Here’s To Hela: The Girl With The Awesome Antlers

A Dance With The Goddess Of The Underworld 

“I thought you’d be glad to see me!” – Hela.  

In this unpredictable universe, Norse mythology first came to my attention in the most unlikeliest form… a comic book. Out of all the ishs that could have introduced me to the God of Thunder, so glad ’twas The Mighty Thor #314 (December 1981). As explained in this Post: the bonus feature: Tales Of Asgard: Judgment… And Lament just blew me away.

Who in the Hel could that tall, elegant, yet deadly, lady, clad in a green and black one-piece, be? Wielding such an elaborate headdress, she had single-handedly slain ALL NINE of Odin’s Valkyries, and recast Valhalla in the same grim and mist-beset manner as her own dread-realm of Niffleheim.

Our eyes met across a crowded comic book…

So accustomed to the dreary Western European concept of Death as a hooded skeleton wielding a scythe, Hela turned out to be quite a life-changing revelation. 

What was the significance of the green colour system? Moreover, what was it with those bizarre, yet impressive, horns?! To me, my tomes of esoteric knowledge!

“You look like a smart boy…” 

My quest to find out more concerning this dark enchantress began with the most reliable option: The Prose Edda – the renowned of all works of Scandinavian literature – written by the 13th century Icelandic chieftain: Snorri Sturluson.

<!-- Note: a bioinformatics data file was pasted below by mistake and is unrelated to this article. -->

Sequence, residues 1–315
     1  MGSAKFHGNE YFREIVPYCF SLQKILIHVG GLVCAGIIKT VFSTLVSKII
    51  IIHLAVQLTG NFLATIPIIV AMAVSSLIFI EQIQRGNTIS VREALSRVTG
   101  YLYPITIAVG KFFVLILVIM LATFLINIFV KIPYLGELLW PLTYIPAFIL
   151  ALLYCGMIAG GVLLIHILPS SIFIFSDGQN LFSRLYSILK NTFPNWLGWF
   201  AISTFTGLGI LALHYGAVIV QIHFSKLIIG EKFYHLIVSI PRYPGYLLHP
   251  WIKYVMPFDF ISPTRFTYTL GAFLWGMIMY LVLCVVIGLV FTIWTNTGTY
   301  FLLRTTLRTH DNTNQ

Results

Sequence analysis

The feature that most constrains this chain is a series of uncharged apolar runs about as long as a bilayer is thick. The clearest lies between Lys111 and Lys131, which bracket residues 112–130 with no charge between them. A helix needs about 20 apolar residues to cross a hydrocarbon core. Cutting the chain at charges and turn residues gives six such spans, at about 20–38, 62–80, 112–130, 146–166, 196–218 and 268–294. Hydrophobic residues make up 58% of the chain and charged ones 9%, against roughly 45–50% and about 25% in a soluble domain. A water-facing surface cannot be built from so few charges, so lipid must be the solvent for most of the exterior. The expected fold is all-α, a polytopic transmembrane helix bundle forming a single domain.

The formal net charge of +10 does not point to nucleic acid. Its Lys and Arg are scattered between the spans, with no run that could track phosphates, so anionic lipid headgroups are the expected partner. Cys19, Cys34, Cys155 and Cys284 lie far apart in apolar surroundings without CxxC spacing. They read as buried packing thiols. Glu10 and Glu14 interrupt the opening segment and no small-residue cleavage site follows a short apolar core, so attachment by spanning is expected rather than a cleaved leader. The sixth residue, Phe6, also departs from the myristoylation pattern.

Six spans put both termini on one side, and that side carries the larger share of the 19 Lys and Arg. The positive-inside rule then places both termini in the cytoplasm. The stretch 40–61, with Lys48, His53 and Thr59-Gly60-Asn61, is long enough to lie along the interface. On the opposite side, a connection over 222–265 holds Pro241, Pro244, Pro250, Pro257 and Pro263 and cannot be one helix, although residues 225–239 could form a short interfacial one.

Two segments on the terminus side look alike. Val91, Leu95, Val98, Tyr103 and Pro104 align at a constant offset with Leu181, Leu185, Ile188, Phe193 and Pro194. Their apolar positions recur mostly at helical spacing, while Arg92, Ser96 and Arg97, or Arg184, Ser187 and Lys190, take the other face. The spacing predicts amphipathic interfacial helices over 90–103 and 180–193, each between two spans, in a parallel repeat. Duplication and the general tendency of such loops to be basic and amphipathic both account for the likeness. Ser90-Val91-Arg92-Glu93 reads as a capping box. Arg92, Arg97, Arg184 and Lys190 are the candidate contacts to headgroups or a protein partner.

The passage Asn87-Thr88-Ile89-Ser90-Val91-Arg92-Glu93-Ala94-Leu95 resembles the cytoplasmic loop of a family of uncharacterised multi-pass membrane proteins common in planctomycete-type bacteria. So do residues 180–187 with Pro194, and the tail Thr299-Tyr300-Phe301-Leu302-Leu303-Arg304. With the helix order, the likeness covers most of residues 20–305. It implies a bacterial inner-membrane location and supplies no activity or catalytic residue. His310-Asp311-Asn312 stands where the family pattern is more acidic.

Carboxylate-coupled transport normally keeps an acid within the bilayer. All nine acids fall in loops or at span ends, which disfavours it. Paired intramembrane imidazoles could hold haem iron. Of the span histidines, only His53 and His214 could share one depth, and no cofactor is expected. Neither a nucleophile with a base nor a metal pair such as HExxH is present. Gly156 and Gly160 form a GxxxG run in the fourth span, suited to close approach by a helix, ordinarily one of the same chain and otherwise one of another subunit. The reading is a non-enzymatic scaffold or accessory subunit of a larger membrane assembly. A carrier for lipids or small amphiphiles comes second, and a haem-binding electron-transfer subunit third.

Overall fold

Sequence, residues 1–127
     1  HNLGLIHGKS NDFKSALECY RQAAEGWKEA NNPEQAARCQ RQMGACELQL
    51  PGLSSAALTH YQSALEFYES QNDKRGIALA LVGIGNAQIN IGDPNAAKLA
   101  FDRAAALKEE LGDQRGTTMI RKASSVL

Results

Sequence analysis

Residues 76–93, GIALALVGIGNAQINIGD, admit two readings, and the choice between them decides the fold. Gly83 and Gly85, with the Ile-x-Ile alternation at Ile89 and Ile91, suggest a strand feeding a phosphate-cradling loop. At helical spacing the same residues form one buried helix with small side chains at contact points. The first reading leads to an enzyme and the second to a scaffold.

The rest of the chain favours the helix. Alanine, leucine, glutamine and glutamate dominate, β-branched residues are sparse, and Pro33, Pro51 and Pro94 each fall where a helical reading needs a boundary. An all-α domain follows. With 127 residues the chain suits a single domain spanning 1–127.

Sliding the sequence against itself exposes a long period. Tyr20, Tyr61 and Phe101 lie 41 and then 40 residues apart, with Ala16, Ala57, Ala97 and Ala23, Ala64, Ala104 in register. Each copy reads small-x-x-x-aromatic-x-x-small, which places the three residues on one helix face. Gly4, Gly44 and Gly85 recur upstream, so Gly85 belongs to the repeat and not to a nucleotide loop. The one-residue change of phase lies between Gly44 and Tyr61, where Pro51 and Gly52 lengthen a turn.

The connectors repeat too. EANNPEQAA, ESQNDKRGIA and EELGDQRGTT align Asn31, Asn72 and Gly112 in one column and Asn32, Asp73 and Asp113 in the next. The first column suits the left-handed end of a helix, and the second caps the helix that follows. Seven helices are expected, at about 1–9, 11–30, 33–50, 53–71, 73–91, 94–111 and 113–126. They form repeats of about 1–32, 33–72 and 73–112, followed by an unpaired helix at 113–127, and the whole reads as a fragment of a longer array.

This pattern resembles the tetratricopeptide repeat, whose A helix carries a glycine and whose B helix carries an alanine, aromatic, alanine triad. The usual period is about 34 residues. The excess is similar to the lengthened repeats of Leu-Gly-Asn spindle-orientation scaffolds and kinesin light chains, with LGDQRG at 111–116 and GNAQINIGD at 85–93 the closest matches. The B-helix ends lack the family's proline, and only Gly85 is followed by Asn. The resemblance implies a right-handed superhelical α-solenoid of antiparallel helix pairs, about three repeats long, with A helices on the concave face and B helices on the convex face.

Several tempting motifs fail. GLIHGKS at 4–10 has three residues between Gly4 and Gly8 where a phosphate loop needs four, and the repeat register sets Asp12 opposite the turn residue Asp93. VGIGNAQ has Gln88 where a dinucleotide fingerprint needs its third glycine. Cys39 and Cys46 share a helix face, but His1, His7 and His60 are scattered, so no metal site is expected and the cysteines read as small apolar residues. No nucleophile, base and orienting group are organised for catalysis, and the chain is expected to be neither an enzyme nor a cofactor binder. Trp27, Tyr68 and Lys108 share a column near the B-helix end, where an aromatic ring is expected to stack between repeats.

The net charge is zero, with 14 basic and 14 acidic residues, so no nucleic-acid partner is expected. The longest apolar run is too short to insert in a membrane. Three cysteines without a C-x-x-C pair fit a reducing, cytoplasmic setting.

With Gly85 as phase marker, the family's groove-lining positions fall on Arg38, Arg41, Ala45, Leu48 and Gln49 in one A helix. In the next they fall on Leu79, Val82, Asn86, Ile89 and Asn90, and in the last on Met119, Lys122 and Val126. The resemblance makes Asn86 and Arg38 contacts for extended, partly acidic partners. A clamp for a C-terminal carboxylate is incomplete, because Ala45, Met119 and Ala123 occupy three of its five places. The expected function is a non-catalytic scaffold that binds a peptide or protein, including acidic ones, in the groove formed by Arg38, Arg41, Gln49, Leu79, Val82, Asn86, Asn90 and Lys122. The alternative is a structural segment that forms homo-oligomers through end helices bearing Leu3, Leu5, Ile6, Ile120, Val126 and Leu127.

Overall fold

Daughter of Loki (in both the original mythological tales and The Mighty Thor comic) and Angrboda [Sorrow Bringer] – an ogress who lived in Jotunheim (Giant Land) – Hel is the sister of Fenris (aka Fenrir) the giant wolf and Jormungand the Midgard serpent – NOT Thor and Loki as depicted in the latest movie!

In The Prose Edda, the passage known as Gylfaginning 34 states:

“When the gods discovered that these three siblings were being brought up in Giant Land – they learned through prophecies that misfortune and evil were to be expected from these children…

“Hel Odin threw down into Niflheim and made her ruler over nine worlds…”

“Her hall is called Eljudnir, [Sprayed With Snowstorms] her dish is Hunger, her knife is Famine, her slave is Lazy…

“The threshold over which people enter is a pitfall called Fallandaforad [Falling To Peril], her bed is named Kor [Sick Bed], and her bed curtains are named Blikjandabol [Gleaming Disaster]. She is half black and half a lighter flesh colour and is easily recognised. Mostly she is gloomy and cruel.”